LSU Football: NFL Draft Projections for Every Former Tiger
High school prospects come to elite football programs such as LSU to get to the NFL. This week, former Tigers will see if their dreams come true.
The first round of the NFL draft will begin on Thursday. When the seventh round is completed on Saturday, prospects around the country will hope their name has been called out in New York's Radio City Music Hall.
LSU annually fields elite prospects. Eleven Tigers participated in this year's NFL combine, increasing the number to 40 over four years. No school in the SEC has had more in that time period, according to LSU director of player personnel Austin Thomas.
Of those 11 players, nine are projected to be drafted, according to Bleacher Report NFL draft lead analyst Matt Miller's latest mock draft. Predicting where each player will go is a tough task, so expect results to vary.
Here is where Miller has each LSU player slated to go.
WR Odell Beckham Jr.
Matt Miller Draft Projection: First round, No. 18 overall to the New York Jets
Analysis: Odell Beckham Jr. is so smooth.
Beckham Jr.'s phenomenal hands, speed and overall playmaking ability has NFL teams salivating. He is also a lethal kickoff and punt returner.
NFL front offices believe this year's wide receiver class is stacked, according to Greg Bedard of MMQB.com. Beckham Jr. could drop some just because of the depth of talent available. Teams could prefer a receiver of a similar grade over him or wait until later rounds to grab a pass-catcher.
Nevertheless, expect Beckham Jr. to be the first Bayou Bengal off the board on Thursday.
QB Zach Mettenberger
Matt Miller Draft Projection: Second round, No. 33 overall to the Houston Texans
Analysis: The Houston Texans are in a precarious position with the No. 1 overall pick in the NFL draft.
The Texans have Pro Bowl talent all over the field except at quarterback. Yet draft experts, including Miller, all are projecting Houston to pick defensive end Jadeveon Clowney to kick off the draft on Thursday.
But the Texans will eventually draft a quarterback.
Houston holds the first pick of the second round. Experienced signal-callers Aaron Murray, AJ McCarron and Tom Savage will probably be available. But Miller believes the Texans will choose LSU's Zach Mettenberger.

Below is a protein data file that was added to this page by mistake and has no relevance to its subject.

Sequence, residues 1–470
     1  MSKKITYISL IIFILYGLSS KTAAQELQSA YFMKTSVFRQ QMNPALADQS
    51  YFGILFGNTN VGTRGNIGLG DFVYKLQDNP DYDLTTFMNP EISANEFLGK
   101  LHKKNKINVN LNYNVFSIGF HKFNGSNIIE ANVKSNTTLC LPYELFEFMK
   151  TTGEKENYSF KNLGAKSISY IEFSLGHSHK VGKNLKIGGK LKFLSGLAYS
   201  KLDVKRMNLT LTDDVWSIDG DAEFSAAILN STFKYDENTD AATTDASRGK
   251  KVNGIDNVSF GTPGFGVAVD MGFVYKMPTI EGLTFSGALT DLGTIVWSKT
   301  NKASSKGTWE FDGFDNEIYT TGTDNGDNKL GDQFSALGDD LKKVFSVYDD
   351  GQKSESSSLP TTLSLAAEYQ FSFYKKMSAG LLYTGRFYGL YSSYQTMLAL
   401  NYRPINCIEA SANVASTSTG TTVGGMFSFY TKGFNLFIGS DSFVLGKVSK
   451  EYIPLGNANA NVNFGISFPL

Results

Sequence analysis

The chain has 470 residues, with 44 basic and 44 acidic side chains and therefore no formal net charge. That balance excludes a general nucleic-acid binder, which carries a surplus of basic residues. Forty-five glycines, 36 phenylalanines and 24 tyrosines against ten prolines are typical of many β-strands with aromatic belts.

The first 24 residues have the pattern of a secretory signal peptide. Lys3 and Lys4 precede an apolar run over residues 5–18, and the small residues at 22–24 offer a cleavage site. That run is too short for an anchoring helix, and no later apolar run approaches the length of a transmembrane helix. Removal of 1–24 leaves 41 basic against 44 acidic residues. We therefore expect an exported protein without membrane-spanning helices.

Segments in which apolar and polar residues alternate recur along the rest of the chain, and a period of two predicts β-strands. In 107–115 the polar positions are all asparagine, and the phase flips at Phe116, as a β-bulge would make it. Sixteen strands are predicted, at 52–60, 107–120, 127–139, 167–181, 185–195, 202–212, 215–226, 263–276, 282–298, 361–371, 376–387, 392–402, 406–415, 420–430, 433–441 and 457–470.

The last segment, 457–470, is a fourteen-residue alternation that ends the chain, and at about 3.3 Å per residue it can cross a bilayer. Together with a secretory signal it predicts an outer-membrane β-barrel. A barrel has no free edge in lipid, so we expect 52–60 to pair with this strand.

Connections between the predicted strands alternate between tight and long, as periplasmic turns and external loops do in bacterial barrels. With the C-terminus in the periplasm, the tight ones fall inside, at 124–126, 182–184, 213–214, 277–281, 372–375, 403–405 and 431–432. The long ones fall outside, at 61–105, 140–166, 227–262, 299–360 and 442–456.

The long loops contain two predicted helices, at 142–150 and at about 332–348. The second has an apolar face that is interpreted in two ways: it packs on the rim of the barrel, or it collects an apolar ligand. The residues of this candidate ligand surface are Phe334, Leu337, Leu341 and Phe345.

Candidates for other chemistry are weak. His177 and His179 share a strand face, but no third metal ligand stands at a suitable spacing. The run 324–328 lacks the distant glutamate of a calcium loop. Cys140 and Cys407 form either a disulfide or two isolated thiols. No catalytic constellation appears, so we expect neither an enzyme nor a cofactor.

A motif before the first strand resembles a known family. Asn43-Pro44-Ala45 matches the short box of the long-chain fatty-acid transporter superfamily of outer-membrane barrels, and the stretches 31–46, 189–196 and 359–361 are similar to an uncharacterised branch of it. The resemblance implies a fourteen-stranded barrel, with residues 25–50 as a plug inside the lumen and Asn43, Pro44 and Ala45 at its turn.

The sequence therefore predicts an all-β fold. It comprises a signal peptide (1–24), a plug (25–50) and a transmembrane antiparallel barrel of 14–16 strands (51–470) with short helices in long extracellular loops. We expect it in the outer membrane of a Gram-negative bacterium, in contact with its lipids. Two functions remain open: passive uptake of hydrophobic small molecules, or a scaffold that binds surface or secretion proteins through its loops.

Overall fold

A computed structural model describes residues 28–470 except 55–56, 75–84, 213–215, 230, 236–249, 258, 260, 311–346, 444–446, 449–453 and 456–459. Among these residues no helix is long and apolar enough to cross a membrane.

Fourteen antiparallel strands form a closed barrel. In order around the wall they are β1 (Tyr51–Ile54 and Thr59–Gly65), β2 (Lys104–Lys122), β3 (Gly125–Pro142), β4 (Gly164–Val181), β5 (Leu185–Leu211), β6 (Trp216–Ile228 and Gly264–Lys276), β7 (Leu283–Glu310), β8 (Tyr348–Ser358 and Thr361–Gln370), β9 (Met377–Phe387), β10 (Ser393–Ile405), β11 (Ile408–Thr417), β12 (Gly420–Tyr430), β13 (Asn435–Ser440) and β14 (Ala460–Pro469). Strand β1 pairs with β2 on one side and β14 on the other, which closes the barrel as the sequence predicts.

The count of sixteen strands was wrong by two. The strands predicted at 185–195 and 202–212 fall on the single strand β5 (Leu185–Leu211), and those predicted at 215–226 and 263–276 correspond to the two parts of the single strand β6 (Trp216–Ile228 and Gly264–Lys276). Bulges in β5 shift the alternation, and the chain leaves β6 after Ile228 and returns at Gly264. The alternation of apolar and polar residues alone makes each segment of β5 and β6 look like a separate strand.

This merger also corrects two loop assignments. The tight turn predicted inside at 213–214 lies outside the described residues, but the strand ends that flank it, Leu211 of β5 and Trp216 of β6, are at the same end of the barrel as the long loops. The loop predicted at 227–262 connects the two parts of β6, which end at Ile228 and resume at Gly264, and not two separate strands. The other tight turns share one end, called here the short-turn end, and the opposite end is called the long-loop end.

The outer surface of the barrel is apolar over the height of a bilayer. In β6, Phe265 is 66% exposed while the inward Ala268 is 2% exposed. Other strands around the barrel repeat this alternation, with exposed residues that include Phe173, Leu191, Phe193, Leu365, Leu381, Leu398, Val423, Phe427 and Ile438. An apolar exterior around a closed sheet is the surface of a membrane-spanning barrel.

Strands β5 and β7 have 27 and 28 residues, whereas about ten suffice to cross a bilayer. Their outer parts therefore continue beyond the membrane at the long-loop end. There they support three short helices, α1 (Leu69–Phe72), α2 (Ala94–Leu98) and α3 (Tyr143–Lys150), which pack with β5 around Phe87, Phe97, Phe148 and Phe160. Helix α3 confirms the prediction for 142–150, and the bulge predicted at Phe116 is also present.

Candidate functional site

Mettenberger has an elite arm and experience in a pro-style offense that NFL general managers value. He showed off these skills impressively at LSU's pro day, according to Mike Triplett of ESPN.com, proving to NFL talent evaluators he has recovered from ACL injury in late November.
WR Jarvis Landry
Matt Miller Draft Projection: Second round, No. 50 overall to the Miami Dolphins
Analysis: Predicting Jarvis Landry's pro future all comes down to how an NFL evaluator values a draft prospect.
On tape, Landry looks like a gritty, productive slot receiver at the next level. "Juice" has amazing hands, tough blocking ability and a high football IQ. He can also deliver a soul-crushing blow on special teams if need be.
But in workouts without pads, he is par for the course at best. He does not have blazing speed or ideal size.
Hopefully for Landry, scouts will look past how he looks in tights and draft him based on his body of work at LSU.
OG Trai Turner
Matt Miller Draft Projection: Third round, No. 81 overall to the Miami Dolphins
Analysis: Draft experts predicted that the LSU offensive lineman to come out early this offseason would be La'el Collins. Instead, it was guard Trai Turner.
Turner's 4.93-second 40-yard dash was the fastest of the offensive guards at the NFL combine, per ESPN.com. His natural explosiveness shows tremendous upside, but his tape is far from spectacular, according to Bleacher Report's Alex Dunlap.
Whichever team drafts Turner must be patient with him, as there will be a transition period for him. Nevertheless, he has the skill set to be a solid backup as a rookie and a potential starter down the road.
DT Ego Ferguson
Matt Miller Draft Projection: Third round, No. 89 overall to the San Diego Chargers
Analysis: Ego Ferguson has tremendous athleticism for his 6'3", 315-pound frame. Ferguson is not an ideal pass-rusher, yet he does a great job of holding the point of attack and shedding blocks in the run game.